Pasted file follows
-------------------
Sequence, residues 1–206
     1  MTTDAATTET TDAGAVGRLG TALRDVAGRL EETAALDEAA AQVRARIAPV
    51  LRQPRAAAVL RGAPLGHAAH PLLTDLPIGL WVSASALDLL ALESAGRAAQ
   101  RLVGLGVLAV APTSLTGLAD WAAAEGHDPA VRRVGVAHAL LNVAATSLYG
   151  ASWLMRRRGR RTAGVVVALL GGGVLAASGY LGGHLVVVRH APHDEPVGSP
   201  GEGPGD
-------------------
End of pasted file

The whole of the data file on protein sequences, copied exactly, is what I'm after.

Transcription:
Sequence, residues 1–206
     1  MTTDAATTET TDAGAVGRLG TALRDVAGRL EETAALDEAA AQVRARIAPV
    51  LRQPRAAAVL RGAPLGHAAH PLLTDLPIGL WVSASALDLL ALESAGRAAQ
   101  RLVGLGVLAV APTSLTGLAD WAAAEGHDPA VRRVGVAHAL LNVAATSLYG
   151  ASWLMRRRGR RTAGVVVALL GGGVLAASGY LGGHLVVVRH APHDEPVGSP
   201  GEGPGD